The treated doctor cited treatment guidelines from the National Comprehensive Cancer Network (the “NCCN”), the American Society of Radiation Oncology, and NRG Oncology, along with comparative data studies; and also pointed out the insured’s age (28) and likelihood of a long life expectancy if she underwent PBRT rather than other treatment. Humana’s consultant denied that PBRT is the accepted standard of medical practice for use with plaintiff’s tumor.
The plaintiff brought two claims – a claim for benefits due under the terms of the plan (ERISA § 502(a)(1)(B)), a claim for breach of fiduciary duty (ERISA § 502(a)(3)) for basing a decision on outdated medical evidence that was inconsistent with the standard of care and seeking an injunction to require Humana to retract its denial based on its policy and re-evaluate all PBRT denials. Plaintiff also sought an award of attorneys’ fees.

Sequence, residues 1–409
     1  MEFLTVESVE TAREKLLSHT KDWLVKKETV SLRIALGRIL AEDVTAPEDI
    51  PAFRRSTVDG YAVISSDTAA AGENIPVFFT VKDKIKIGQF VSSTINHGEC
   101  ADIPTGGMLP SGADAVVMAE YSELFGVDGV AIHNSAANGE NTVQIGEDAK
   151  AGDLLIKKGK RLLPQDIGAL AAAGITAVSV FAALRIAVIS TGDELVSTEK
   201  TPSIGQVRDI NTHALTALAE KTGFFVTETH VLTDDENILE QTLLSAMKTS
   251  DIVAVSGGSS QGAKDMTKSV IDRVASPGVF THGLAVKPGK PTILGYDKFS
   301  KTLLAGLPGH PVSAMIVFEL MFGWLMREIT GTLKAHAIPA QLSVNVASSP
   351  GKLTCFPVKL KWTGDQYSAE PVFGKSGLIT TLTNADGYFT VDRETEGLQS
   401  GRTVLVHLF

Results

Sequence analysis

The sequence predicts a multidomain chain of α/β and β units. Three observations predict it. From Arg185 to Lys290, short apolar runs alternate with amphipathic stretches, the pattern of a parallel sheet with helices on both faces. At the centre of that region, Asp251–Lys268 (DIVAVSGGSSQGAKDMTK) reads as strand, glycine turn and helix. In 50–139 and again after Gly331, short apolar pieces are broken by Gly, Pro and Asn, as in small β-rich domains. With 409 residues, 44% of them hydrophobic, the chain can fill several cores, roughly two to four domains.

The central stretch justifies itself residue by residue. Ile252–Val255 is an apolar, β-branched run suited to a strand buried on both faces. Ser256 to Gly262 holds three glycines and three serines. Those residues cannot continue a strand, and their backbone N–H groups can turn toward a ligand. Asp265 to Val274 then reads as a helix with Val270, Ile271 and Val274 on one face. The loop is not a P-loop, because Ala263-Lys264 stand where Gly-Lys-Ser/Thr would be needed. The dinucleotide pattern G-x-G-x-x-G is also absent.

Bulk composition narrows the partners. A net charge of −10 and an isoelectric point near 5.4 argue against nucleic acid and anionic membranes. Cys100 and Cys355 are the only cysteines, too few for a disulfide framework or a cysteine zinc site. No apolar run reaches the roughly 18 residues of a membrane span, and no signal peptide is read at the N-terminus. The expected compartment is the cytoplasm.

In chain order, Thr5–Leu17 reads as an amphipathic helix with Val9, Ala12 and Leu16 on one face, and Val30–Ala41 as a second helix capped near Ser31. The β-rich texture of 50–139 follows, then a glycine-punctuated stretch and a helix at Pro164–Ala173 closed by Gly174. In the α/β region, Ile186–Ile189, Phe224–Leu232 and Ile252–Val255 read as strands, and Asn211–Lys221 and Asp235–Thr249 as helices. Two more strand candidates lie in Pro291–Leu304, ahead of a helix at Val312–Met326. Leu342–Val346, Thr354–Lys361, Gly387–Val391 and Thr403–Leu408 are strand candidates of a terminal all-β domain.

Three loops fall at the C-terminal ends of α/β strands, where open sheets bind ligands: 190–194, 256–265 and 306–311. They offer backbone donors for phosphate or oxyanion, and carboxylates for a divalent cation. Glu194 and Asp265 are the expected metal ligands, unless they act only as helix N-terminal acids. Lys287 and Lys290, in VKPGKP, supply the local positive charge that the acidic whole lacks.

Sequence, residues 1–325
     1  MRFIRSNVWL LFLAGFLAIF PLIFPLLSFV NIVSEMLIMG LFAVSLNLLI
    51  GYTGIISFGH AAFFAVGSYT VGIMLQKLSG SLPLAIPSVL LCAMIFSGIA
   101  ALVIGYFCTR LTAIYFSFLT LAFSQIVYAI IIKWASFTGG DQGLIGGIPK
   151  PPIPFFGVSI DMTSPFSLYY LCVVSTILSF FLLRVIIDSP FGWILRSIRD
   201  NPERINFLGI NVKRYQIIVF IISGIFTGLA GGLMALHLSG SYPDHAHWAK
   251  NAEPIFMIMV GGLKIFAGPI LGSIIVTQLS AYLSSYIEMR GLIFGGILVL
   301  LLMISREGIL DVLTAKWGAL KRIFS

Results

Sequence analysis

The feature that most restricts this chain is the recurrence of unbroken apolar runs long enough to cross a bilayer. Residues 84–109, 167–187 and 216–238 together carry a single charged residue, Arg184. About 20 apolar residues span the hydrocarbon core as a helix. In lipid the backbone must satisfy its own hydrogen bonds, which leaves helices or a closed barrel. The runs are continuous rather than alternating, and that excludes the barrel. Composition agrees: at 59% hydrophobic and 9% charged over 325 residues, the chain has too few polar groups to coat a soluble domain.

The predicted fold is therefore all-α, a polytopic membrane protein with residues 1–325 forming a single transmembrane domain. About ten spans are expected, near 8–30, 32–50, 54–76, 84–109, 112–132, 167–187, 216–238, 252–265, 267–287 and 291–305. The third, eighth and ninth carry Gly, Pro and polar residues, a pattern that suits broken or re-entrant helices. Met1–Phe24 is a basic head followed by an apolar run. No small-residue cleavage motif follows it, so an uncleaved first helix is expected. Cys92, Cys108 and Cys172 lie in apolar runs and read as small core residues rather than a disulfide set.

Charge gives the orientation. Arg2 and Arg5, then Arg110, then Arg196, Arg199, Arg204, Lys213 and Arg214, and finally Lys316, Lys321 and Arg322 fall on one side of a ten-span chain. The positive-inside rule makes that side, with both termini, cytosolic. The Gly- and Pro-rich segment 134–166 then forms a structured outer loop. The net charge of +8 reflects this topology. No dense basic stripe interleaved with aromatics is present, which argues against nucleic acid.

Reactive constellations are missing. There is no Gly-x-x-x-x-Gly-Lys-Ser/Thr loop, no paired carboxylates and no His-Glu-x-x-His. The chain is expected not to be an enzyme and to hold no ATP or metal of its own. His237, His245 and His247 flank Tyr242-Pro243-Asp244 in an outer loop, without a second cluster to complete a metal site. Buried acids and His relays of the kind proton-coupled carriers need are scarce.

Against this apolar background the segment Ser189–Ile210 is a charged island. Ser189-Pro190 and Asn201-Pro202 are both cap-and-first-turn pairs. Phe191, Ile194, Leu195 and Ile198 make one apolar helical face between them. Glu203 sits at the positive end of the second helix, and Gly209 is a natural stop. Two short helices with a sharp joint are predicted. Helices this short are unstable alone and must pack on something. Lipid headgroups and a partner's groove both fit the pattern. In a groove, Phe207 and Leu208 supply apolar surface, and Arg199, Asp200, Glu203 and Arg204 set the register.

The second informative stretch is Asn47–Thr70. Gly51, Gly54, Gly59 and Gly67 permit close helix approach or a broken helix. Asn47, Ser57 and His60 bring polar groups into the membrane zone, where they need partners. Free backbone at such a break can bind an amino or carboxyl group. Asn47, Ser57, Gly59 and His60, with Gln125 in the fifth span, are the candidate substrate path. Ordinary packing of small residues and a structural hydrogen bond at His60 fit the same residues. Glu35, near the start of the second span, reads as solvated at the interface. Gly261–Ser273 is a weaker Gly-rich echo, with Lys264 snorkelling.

Despite the defendants’ challenge that the denial was reasonable on its face, the court determined that the plaintiff “plausibly pleaded that Humana’s decision to deny coverage for PBRT treatment was arbitrary and capricious.” The court found the plaintiff pled sufficient facts to establish that PBRT was the standard of care and that the defendant’s rationale failed to address the issues raised by the plaintiff. The court explained: